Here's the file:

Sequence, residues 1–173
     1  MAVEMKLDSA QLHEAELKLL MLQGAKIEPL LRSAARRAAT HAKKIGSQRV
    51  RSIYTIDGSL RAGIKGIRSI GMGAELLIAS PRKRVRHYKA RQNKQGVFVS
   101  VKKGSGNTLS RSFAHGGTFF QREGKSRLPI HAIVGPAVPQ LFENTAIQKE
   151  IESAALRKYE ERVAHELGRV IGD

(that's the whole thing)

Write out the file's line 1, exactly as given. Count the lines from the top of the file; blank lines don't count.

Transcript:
Sequence, residues 1–173